Steer clear of Plaid for your small business accounting

If you are looking for a small business accounting software service, don’t consider WaveApps, Sage or the site And.co. All of them use the banking connector Plaid.com and have a major shortcoming. Let me explain my journey.

When I first began my freelancing business in 1992 (can it be?), I used the best accounting program at that time: QuickBooks for DOS. It was simple, it was easy to setup, and it did the job. I stayed with QB when I went to Windows and then to Mac, upgrading every few years, either when my accountant told me that they couldn’t use my aging software or when Intuit told me that I had to upgrade.

I use my accounting software for three things:

  • To keep track of my expenses and payments, entering information once or twice a month to stay on top of things.
  • To produce invoices and to accept credit card payments from my clients
  • To produce reports once a year for my accountant to produce my business tax filings

That isn’t a lot of requirements to be sure. Naturally, over time some of them have changed: when I first began my accountant directly read my QB file. Now she just wants a few year-end statements, which almost every accounting tool can produce. Also, enabling credit card payments isn’t a big deal that it once was: there are so many other solutions that don’t have to originate from the accounting software tool itself (such as Square, for example).

One thing that hasn’t changed is my goal: having to spend as little time as possible using the software, because this means that I have more time to spend actually writing and doing the work that I get paid to do.

But installing software on my desktop is so last century. Eventually, Intuit stopped making physical software and every QB version is now in the cloud. Their solutions start at $25/month, discounted for the first few months. Actually, that isn’t completely accurate: they also have a “self-employed” version for $15/month, but it has so few features that you can’t really use it effectively – such as producing those yearend reports that I need for my accountant.

Several years ago, I found Waveapps. It was free, it had just enough features to make it useful for me (see above) and did I mention it was free? I started using it and was generally happy. One of the nice features was how it connected to my corporate checking account at Bank of America and imported all my transactions, which made it easier to prepare my books and track my payments.

A few weeks ago, Wave decided to “upgrade” its banking connector to Plaid. And that broke my BofA connection. The problem is that I have setup my banking login to use an SMS text multi-factor authentication (MFA). I wish BofA offered something better, but that is what they have — they call it “extra security” — and so I use it. Plaid doesn’t support my bank account’s “extra security” MFA setting.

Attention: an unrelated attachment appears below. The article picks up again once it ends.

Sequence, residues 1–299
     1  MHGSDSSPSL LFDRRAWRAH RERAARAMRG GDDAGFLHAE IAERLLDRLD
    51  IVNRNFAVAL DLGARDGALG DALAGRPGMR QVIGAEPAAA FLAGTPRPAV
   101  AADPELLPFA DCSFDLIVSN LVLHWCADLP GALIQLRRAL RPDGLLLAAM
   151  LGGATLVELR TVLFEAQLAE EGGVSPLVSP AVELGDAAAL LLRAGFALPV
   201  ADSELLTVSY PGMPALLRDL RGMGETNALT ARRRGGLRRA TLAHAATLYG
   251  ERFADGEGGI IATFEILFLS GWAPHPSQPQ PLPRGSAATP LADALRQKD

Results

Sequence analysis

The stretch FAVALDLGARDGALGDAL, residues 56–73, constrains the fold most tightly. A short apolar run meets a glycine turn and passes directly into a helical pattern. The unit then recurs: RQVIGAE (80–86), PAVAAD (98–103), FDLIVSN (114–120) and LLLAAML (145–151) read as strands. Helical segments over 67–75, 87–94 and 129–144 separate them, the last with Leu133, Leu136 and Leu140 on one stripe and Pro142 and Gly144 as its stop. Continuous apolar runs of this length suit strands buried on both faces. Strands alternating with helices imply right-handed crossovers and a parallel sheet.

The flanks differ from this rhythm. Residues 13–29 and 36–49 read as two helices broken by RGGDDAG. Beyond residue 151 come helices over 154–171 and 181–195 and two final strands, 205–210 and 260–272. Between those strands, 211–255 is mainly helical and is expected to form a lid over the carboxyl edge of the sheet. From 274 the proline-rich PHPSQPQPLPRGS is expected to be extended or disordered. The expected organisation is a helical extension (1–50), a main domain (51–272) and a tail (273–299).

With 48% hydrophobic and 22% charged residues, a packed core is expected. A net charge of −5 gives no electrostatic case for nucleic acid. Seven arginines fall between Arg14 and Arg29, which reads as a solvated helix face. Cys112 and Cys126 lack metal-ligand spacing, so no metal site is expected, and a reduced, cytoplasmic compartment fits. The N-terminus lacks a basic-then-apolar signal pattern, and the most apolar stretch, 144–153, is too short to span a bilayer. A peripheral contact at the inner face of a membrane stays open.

This begins The 2020 Accounting Software Evaluation Project. It deserves the capital letters because it meant that I had to start looking around, reading software reviews, signing up for the software service providers, and checking them out. I very quickly found that Sage and And.co (I do hate their domain name) also use Plaid as a banking connector, so I wasn’t getting very far by switching to them. Meanwhile, here we are into February and I still haven’t decided on what to do with my accounting software.

I took time to email the PR person at Plaid, who initially told me that the BofA MFA issue was a bug and they were working on a fix. That was a lie, or perhaps a misunderstanding. Eventually, this is what I got from them: “Plaid supports the standard MFA for Bank of America and most of the other 11,000 institutions on the Plaid network, but we do not currently support BofA’s perpetual MFA setting.” This is also not true. BofA only offers a single MFA method: sending SMS texts to your phone. I wish they offered a smartphone authenticator app, but they don’t.

So my dilemma is this: should I eschew security for convenience? I can turn off the MFA and get my accounting data imported, and then will have to turn it back on. I could try to switch accounting providers to something else  — I haven’t tried all of the small business providers, but I have a feeling that Plaid has them as customers too. I could find another bank that has better security and perhaps works with Plaid, but that would mean changing a lot of my bill paying data too.

No good choices, to be sure. I guess I will just stick with Wave for the time being, but I am not happy about it. Secure users shouldn’t use plaid.com.

4 thoughts on “Steer clear of Plaid for your small business accounting

  1. I was interested to see that the link you provided (start looking around) has Xero as a best buy.

    That may not be the best choice for you, but I’m intrigued that it appeared there.

    I came across it doing some work for a client. Had never heard of it before that. But then I found how enthusiastic the users around the world were, even if not in the US. So now I am interested to see if it will catch on here.

    In my mind it is more of an accounting program than QB. You have to do things in the right way, whereas in QB a journal entry will allow you to convert anything to anything ! (Very convenient, but very dangerous)

  2. Some more info via my wife who does accounting for a small distributor of industrial goods and serves as treasurer for a small non-profit. The distributor uses Sage (ex-Peachtree), which is so last century. She switched her non-profit to QuickBooks from Kashoo, which is nice for smartphones but wanting in ease of use and helpful features. So avoid both Sage and Kashoo.

    Have you looked at the accounting software in Linux world?

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